Leading Off

Has White House tradition gotten out of hand?

The Giants have lost five games in a row, so maybe it’s good they had Thursday off. Yet they received more national attention than they have since they won their third World Series in five years.

Instead of working on their hitting, the Giants spent much of Thursday cozying up to President Barack Obama at the White House.

We’re not suggesting they should have turned down the invite; of course it’s an honor to be lauded by the president.

As Giants manager Bruce Bochy told reporters Tuesday: “It’s a special time and a special memory, to be at the White House. … These are the memories that you keep. We’re pretty fortunate to have this happen, and we know it.”

But has this tradition gotten out of hand? And how does the president find the time?

It’s believed Calvin Coolidge, the 30th president, started the tradition in 1924, when he welcomed the Senators back to Washington after they won the World Series. But it has become so common, there are too many sports ceremonies to keep track of.

During the week of April 20, President Obama hosted the Ohio State football team (winner of the inaugural College Football Playoff) on Monday, Kevin Harvick and the Stewart-Hass Racing Team (2014 NASCAR Sprint Cup champion) on Tuesday and the New England Patriots (Super Bowl XLIX champions) on Thursday.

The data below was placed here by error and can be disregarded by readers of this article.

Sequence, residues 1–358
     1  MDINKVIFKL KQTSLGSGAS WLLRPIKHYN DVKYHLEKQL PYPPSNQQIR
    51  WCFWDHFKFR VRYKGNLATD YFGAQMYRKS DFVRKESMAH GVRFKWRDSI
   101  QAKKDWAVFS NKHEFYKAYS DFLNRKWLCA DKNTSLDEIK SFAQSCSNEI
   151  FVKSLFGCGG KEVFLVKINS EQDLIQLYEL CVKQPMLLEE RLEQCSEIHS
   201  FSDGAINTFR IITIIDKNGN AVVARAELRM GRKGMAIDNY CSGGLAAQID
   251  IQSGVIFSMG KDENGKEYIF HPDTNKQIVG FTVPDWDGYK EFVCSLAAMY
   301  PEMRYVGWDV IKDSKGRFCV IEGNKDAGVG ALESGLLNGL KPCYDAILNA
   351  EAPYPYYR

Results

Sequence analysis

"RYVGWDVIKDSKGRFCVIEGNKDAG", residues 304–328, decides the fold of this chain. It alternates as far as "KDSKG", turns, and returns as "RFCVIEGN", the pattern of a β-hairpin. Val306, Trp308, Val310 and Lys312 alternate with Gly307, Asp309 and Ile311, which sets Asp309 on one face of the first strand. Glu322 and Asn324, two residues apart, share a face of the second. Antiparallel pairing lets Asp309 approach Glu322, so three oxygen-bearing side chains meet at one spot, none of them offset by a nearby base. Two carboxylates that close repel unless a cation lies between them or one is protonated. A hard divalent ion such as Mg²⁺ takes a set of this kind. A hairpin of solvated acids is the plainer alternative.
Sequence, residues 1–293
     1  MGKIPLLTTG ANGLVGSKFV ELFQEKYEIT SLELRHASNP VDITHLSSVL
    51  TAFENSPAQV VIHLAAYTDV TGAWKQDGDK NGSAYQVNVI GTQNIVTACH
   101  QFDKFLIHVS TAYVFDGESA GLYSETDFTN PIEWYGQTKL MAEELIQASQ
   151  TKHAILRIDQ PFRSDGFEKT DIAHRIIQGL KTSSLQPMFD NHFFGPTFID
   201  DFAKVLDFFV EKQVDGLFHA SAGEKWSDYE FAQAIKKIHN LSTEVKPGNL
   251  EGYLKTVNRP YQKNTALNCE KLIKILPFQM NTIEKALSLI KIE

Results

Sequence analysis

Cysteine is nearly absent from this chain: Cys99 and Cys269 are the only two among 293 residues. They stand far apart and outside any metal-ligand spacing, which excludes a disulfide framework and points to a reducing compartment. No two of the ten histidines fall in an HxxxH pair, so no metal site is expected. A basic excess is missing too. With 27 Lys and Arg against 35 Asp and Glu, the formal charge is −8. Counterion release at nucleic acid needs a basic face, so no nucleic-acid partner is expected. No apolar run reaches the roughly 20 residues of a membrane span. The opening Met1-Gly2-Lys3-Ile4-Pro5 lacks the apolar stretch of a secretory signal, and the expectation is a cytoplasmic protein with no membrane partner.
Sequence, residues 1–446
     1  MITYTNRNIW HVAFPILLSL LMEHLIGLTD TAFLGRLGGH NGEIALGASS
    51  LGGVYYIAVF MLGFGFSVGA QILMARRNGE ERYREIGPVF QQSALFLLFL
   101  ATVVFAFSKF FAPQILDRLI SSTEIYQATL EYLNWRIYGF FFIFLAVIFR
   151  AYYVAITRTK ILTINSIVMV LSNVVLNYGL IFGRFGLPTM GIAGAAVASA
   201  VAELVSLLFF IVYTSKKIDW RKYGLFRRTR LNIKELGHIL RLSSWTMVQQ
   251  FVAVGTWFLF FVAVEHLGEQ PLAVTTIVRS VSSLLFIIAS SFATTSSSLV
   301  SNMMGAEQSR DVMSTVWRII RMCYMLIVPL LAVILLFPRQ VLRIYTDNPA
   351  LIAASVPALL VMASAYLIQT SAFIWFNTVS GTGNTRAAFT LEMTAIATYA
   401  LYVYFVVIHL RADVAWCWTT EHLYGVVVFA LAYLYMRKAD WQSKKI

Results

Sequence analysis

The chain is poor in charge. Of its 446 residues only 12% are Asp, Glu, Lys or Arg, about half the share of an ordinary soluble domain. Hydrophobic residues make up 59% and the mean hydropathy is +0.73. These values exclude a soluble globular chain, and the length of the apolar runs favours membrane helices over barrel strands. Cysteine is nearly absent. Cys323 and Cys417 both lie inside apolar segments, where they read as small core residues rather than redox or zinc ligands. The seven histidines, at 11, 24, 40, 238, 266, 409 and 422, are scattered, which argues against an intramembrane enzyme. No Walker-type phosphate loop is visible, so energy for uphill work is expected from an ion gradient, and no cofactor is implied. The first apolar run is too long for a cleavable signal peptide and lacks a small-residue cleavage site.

By welcoming champions to the White House, presidents not only endear themselves to sports fans, they accumulate memorabilia.

In 2011, the Giants gave Obama an autographed No. 44 jersey (he’s the 44th president), a signed bat and a custom glove. Two years ago, he received another signed ball and bat. And on Thursday, the gifts including yet another signed ball, another No. 44 Obama jersey and an autographed base.

Is there a special room in the White House to store all those goodies from the hundreds of visits by sports champs?

Tom Couzens, (916) 321-1097 @tomcouzens


  • WHAT TO WATCH: Baseball, Giants at Philadelphia, 4:05 p.m., CSNBA. Tim Lincecum (5-3, 3.00 ERA) will try to end the Giants’ five-game losing streak.
  • TWITTER CHATTER: “Final briefing. They are pretty buttoned up in the @WhiteHouse” – @SFGiants
  • ON THIS DATE: On June 5, 1990, Jennifer Capriati, 14, became the youngest Grand Slam semifinalist by rallying from a 4-1 deficit in the final set to beat Manuela Maleeva 3-6, 6-1, 7-5 in the French Open.
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